public class MessagePartStream : System.IO.Stream
{
    private SqlConnection connection_;
    private SqlCommand command_;
    private SqlDataReader reader_;

    private Int64 offset_ = 0;
    private Int64 length_ = 0;

    ...
}

The stream class is initialized with a connection string because it will create and maintain a new connection to the database for as long as the cursor needs to be available to the calling code.

protected MessagePartStream()
{
}

public static MessagePartStream CreateStream(string connectionString, Guid messageID, Guid partID)
{
    MessagePartStream stream = new MessagePartStream();
    stream.Connect(connectionString, messageID, partID);

    return stream;
}

Upon initialization, various resources are created and some bookkeeping is done. We first call into the database, so as to know the length of the entire stream. We then prepare the cursor to the fragments records in sequential access as we explained earlier.

private void Connect(string connectionString, Guid messageID, Guid partID)
{
    connection_ = new SqlConnection(connectionString);
    connection_.Open();

    // retrieve part meta data

    using (SqlCommand command = new SqlCommand())
    {
        command.Connection = connection_;
        command.CommandText = "usr_SelectMessagePart";
        command.CommandType = CommandType.StoredProcedure;

        command.Parameters.Add(new SqlParameter("uidMessageID", messageID));
        command.Parameters.Add(new SqlParameter("uidPartID", partID));

        using (SqlDataReader reader = command.ExecuteReader())
            if (reader.Read())
                length_ = Convert.ToInt64(reader["nPartSize"]);
    }

    // start sequential access to part fragments

    command_ = new SqlCommand();
    command_.Connection = connection_;
    command_.CommandText = "usr_SelectMessageFragment";
    command_.CommandType = CommandType.StoredProcedure;

    command_.Parameters.Add(new SqlParameter("uidPartID", partID));

    reader_ = command_.ExecuteReader(CommandBehavior.SequentialAccess);
}

The connection, along with other unmanaged resources, are reclaimed when the stream is disposed of.

protected override void Dispose(bool disposing)
{
    if (reader_ != null)
    {
        reader_.Dispose();
        reader_ = null;
    }

    if (command_ != null)
    {
        command_.Dispose();
        command_ = null;
    }

    if (connection_ != null)
    {
        connection_.Dispose();
        connection_ = null;
    }

    base.Dispose(disposing);
}

The most interesting part of the class is the Read() method, that performs the work of handing any requested data to the calling code, as well as read from the database if necessary.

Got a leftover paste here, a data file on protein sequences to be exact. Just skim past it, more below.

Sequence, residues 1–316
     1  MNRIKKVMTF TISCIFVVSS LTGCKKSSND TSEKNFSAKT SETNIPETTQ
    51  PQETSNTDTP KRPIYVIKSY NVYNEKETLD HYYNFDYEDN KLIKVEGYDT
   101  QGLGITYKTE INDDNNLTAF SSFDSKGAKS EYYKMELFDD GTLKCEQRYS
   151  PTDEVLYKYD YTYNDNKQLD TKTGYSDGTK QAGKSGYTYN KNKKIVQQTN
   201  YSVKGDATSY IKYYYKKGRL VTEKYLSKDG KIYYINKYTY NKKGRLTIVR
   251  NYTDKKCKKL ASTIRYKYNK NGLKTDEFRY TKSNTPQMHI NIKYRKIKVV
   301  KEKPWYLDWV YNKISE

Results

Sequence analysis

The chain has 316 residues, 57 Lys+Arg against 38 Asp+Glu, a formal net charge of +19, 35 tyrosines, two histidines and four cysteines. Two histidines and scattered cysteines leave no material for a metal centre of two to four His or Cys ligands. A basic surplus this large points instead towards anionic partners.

private List<byte> remaining_bytes = new List<byte>();
private byte[] bytes_ = null;

public override int Read(byte[] buffer, int offset, int count)
{
    // prepend remaining bytes from previous reads

    List<byte> bytes = new List<byte>(count);
    bytes.AddRange(remaining_bytes);
    remaining_bytes.RemoveRange(0, remaining_bytes.Count);

    while (bytes.Count < count)
    {
        if (bytes_ == null)
        {
            if (reader_.Read())
                bytes_ = (byte[])reader_["imgFrag"];
            else
                break;
        }

        bytes.AddRange(bytes_);
        bytes_ = null;
    }

    // copy the temporary buffer to the requested output buffer

    int output_count = Math.Min(bytes.Count, count);

    bytes.CopyTo(0, buffer, offset, output_count);
    bytes.RemoveRange(0, output_count);
    remaining_bytes.AddRange(bytes);

    // update current stream position

    offset_ += output_count;

    // return number of bytes actually retrieved

    return output_count;
}

Each time some data is read from the stream, the class looks up any remaining data that that has been read from the database but not yet returned to the calling code.

Next, the class reads from the database as necessary, until enough data has been read so as to satisfy the length of the requested buffer.

Finally, when no more data is available from the database, the class hands out the remaining bits until there are no more left.

There you have a very simple, yet efficient way of retrieving potentially large amounts of data from an SQL Server 2005 in a streaming manner.